Simon Haas: Because of our brother [the actor Lukas Haas]. Thanks to him we had a childhood filled with really bizarre and unusually famous people. And also because of our mom, who was a screenwriter for Seinfeld and The Cosby Show. We grew up with this good friend of my mom’s, he was like our adopted uncle. We called him Uncle Terry. And we knew he made movies but we couldn’t really appreciate his films when we were little. I didn’t realize until I was 22 that, holy shit!, uncle Terry is Terrence Malick, and he’s a fucking genius! So we grew up with a lot of great influences. Our parents were cool when they were younger and living in L.A.

I imagine it might have been stressful growing up with an older brother who was so successful, and you’re still figuring out who you are.

SH: Not really. he’s so much older than us, about nine years...

NH: ...and he was already successful before we were even in middle school.

SH: And as twins we had a good support system, so we never worried about it that much. He was really supportive and brought us into these bizarre circles that nobody else got to go into. It was special. we thought it was cool.

Large Marge Dong on Stomach Accretion Vase (2013); ceramic; 23 x 19 inches (left). Cox Accretion Vase with Two Erect Flowers and One Flaccid Flower (2014); ceramic; 15 x 10.5 inches (right); Photograph by Joe Kramm/R & Company, New York.

Did you make stuff growing up?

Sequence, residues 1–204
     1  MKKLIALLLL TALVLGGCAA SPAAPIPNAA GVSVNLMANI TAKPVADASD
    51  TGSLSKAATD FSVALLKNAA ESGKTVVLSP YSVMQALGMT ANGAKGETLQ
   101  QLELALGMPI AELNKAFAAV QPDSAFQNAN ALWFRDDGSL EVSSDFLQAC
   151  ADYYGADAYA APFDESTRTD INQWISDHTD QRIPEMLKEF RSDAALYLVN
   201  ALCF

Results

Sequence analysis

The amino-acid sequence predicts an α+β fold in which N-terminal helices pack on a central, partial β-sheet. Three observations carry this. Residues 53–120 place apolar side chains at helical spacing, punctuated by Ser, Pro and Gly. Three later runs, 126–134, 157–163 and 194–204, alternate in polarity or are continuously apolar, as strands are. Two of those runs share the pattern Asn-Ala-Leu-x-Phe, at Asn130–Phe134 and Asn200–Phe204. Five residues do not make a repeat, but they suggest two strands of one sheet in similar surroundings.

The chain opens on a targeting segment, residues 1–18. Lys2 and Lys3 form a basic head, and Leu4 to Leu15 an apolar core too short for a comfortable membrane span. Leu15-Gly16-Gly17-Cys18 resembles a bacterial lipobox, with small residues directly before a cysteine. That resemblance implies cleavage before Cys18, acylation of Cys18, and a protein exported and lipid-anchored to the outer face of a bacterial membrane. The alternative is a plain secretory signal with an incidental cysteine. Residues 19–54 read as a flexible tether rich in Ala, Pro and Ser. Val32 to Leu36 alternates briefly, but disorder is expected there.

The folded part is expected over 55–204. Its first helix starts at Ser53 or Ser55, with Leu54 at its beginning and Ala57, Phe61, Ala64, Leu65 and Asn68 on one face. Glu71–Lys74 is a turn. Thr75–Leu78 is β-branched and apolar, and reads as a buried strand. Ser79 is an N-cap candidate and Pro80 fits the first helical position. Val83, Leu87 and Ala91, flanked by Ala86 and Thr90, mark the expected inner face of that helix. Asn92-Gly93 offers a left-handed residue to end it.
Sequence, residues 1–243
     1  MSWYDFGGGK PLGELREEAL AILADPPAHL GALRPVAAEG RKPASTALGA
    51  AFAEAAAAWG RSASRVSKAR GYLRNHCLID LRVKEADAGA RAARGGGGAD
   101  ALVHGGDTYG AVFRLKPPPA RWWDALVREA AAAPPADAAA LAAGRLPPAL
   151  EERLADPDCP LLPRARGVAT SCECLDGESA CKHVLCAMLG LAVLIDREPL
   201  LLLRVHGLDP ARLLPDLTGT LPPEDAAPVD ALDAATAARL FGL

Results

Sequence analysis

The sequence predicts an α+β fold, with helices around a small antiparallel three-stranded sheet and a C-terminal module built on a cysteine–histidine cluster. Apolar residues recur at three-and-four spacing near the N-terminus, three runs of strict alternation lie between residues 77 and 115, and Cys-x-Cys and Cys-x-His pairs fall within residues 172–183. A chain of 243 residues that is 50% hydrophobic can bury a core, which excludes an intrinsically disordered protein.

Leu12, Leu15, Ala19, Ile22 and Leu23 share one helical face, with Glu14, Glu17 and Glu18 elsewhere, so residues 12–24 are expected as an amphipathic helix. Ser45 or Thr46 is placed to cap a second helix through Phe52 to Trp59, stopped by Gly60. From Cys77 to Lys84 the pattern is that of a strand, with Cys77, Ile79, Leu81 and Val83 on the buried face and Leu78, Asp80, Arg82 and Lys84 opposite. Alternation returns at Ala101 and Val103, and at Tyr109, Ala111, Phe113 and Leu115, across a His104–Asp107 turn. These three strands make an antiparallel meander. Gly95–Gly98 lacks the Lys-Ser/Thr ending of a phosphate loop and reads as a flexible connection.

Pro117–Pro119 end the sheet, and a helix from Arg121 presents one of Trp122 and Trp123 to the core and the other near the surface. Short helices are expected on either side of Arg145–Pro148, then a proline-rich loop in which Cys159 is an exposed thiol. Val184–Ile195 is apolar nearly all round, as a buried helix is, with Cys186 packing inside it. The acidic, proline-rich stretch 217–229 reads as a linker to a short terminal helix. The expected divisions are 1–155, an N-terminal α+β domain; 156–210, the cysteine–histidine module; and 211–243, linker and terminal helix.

NH: Yes, our dad had a furniture company and he was also a stonemason when we were kids. I learned his trade very quickly. Simon did too.

SH: If there was ever an issue with the stone, I would faux- paint it. now I can perfectly match any stone... you have no idea! [Laughs.]

NH: My job was running our dad’s crew, or driving the pickup truck, or carving. It was super physical.

So you actually grew up with design. A lot of the press about you guys makes it sound like your design career came completely out of the blue.

NH: We’ve come out of the blue in the sense that we found our voice quickly. Whereas before, when Simon was painting or I was playing music, those weren’t the proper venues for us yet.

But once you started collaborating...

NH: ...we started plugging back into what we really know. When you’re playing guitar or drums, you’re supposed to be able to get on stage and not think about the technical aspect of it. That’s what we’re doing here. We’re really fluid. There’s not even a second question about how to build something because we’ve been doing it since we were kids, so there’s no hindrance in a technical, emotional, or expressive sense. Creative people often struggle with self-doubt, but as twins I imagine you can get each other past that.